A History of the County of York: the City of York. Originally published by Victoria County History, London, 1961.
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The Achievement of Civic Liberties
The powers wielded by the sheriff and the burdens he imposed upon the citizens perhaps inevitably bred a desire for emancipation from his authority; but no less was the city concerned to obtain privileges which would satisfy its requirements as a community of traders and craftsmen. It was the latter purpose which was served by York's first royal charter which can be dated 1154–8. (fn. 1) The citizens were granted all their liberties, laws, and customs, 'and especially their Merchant Guild and hanses in England and Normandy and their quittance of lestage throughout the coast of the sea as they . . . had them in the time of King Henry [I]'. (fn. 2)
Not all of the concessions contained in this charter are easy to interpret. The endorsement of the right of the citizens to have a guild merchant, presumably an association for managing the internal trade of the city, seems clear enough; and so does the exemption from lestage or lastage, an export tax which may be of pre-Conquest origin. (fn. 3) The right to have hanses in England and Normandy is less obviously self-explanatory. The terminology of the charter, however, taken in connexion with contemporary northern European practice, (fn. 4) suggests that the reference is to an established usage of York merchants engaged in long-range trade to form themselves into associations for mutual protection and support, and that these 'hanses' were an outgrowth of the gilda mercatoria in York.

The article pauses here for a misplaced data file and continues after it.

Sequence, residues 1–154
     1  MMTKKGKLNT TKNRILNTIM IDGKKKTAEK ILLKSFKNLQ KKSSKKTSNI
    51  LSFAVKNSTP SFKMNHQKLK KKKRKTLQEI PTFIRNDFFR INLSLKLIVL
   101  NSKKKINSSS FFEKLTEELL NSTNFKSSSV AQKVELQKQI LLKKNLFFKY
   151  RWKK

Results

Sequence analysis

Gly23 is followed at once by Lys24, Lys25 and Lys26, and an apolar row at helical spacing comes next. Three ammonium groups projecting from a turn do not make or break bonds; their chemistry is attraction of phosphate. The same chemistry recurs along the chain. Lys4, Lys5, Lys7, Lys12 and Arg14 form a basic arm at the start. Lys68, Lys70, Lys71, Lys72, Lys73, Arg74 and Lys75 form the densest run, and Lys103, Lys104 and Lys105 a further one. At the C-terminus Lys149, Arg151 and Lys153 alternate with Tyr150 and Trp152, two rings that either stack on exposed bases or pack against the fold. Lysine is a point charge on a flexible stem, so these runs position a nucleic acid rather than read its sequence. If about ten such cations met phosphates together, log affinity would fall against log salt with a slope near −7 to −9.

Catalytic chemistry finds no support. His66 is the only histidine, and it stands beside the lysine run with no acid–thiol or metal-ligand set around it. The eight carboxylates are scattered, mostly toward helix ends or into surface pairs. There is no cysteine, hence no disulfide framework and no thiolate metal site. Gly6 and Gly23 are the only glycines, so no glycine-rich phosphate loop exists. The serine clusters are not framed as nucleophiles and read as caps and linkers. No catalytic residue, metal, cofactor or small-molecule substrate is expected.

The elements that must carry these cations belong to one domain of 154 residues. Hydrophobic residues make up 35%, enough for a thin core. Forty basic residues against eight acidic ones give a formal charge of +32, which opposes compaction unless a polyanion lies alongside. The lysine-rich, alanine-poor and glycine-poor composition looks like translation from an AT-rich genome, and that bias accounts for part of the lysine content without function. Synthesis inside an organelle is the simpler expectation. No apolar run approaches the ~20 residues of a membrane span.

Not the least interesting of the implications of the charter, however, is that some, if not all, of these rights go back to the reign of Henry I. At the same time, there is no suggestion that they were founded upon an earlier charter, now lost. For the existence of such privileges we need not rely merely upon supposition. A charter of Archbishop Thurstan, confirmed by Henry I, granted to the men of Beverley the liberties enjoyed by the citizens of York. These were free burgage, their 'hansehouse' for considering their 'statutes' (the king's charter speaks of their guild merchant cum placidis suis), and the right to farm the tolls of the town and to be quit of toll throughout Yorkshire. In 1144–6, again, Archbishop Fitzherbert confirmed to Beverley free burgage according to the form of the burgage of York, and a guild merchant and pleas like the men of York. (fn. 5) Thus the liberties of York in the reign of Henry I included burgage tenure, a guild merchant, and perhaps the right to farm the tolls of the city and to be free of toll throughout Yorkshire.